DLA: First Steps

I’ve been saying for months and months that I intend to apply for Disability Living Allowance (DLA) and not got round to it.  Mainly due (ironcially) to poor health and difficulty in getting complex tasks like filling out a DLA form, done.

 But I’m moving in the right direction now.  I’ve signed up with to access their brilliant (and updated) guide to applying for DLA on physical grounds.

My task in the next two weeks is to read through the guide and start making notes on how I can fill out each section of the form.

I have also emailed family and a few friends today to ask if they would consider writing a supporting letter or statement to go with my application.  It feels like a big step.  Not only do I have to face to realities of what I am not able to do or struggle with – but I am also inviting my loved ones to face it too.

I forget to say this but I would be quite happy with a letter that says “Rachel often stinks and looks a right mess.  Her appearance is unkempt and she often smells as she doesn’t wash very as she is too tired to because of her CFS.”  I mean I wouldn’t be happy that my family think I stink half the time – but it’s true.  And there’s no point pretending to the decision makers that I smell sweet as a rose due to long lavish baths every day when it’s painfully not true!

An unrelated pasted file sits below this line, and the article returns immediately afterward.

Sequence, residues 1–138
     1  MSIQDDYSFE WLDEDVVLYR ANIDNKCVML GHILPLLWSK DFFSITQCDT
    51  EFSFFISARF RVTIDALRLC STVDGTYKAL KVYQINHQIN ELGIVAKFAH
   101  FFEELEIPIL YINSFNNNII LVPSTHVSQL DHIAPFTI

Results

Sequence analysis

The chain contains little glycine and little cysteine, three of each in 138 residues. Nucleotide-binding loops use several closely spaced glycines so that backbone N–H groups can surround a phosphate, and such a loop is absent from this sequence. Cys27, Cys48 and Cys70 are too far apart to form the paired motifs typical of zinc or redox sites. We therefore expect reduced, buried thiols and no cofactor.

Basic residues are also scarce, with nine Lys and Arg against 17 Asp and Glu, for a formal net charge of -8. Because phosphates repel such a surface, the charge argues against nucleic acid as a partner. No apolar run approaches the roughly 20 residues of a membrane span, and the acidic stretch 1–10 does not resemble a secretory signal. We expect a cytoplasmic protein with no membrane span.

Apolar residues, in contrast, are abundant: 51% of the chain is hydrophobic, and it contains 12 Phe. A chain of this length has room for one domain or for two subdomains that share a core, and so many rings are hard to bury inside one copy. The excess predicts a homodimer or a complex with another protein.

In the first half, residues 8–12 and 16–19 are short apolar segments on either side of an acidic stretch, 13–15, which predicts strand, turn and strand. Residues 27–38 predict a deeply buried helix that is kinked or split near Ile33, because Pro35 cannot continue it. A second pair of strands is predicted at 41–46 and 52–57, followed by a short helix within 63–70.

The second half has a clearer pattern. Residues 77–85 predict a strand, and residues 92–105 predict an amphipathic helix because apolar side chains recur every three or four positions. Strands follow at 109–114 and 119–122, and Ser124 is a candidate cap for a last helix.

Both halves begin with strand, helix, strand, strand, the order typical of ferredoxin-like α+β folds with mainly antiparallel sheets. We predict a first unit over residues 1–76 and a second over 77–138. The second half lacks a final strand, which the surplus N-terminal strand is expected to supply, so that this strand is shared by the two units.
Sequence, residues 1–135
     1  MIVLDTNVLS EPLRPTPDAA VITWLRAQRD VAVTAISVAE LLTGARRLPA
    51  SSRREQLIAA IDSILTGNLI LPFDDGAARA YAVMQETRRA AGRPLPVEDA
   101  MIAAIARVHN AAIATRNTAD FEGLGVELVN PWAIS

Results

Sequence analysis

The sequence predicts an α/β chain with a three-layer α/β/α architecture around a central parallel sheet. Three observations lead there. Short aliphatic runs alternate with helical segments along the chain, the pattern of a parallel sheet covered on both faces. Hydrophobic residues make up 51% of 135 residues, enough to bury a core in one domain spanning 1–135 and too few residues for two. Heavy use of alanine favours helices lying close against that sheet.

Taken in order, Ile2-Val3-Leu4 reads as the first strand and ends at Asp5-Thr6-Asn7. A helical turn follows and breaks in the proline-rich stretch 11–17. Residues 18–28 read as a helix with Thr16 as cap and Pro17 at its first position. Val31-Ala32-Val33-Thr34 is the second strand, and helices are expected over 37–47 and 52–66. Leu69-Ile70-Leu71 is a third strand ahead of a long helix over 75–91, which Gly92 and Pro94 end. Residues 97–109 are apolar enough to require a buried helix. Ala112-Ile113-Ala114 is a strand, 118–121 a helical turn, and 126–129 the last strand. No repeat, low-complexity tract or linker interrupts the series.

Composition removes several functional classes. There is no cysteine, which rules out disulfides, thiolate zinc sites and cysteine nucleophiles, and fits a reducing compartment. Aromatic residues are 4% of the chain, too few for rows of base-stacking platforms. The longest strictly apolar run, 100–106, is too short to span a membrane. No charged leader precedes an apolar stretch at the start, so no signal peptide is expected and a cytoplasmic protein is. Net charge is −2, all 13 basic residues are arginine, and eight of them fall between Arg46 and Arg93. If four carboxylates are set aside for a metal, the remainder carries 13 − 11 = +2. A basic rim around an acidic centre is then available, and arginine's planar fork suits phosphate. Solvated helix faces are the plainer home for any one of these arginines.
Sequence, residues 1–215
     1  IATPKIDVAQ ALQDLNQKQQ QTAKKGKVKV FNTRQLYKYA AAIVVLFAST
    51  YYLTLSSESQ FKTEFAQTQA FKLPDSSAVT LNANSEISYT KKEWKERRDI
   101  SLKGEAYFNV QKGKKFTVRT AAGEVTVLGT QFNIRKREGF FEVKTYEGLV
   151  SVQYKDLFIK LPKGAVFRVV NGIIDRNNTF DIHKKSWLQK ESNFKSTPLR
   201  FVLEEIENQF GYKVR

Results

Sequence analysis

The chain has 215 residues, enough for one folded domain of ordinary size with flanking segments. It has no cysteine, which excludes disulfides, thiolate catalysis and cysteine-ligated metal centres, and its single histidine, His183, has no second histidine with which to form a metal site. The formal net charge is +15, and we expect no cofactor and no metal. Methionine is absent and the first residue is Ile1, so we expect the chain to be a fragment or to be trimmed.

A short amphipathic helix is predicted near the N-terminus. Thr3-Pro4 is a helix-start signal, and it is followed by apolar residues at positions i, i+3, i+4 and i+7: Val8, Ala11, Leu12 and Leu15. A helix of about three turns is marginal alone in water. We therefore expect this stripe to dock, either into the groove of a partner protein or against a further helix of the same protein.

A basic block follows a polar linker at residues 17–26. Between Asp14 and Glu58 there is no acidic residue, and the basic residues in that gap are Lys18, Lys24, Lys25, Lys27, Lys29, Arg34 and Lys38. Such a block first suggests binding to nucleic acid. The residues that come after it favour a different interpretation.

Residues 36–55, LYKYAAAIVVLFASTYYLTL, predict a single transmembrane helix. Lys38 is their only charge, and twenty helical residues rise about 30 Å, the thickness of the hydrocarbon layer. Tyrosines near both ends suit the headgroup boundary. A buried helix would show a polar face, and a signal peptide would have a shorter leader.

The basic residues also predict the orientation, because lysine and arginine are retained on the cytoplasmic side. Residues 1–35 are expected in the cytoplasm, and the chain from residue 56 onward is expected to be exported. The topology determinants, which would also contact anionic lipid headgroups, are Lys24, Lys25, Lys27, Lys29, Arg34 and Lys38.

So, I’m a little worried what the reaction to my email might be.  I’m even worried that I sounded like an idiot as it took me an hour to write it! 

I’m not brilliant at asking for help – especially when that help is “please put in writing formally everything I am crap at these days”. 

But it’s not my fault.  And the money each month could help me to be more mobile, or even (I am half dreaming) to employ a part time gardener or cleaner even … hmmm.  OR spend on feeling not so crappy.  Or on the vitamins and suppliments I take each month.  Or on taxi’s to visit folks off my own back.  Or on all the gadgets I have my eye on in my latest disability aids catalogue.  Oh yes! I know how to live a rock’n’roll lifetsyle!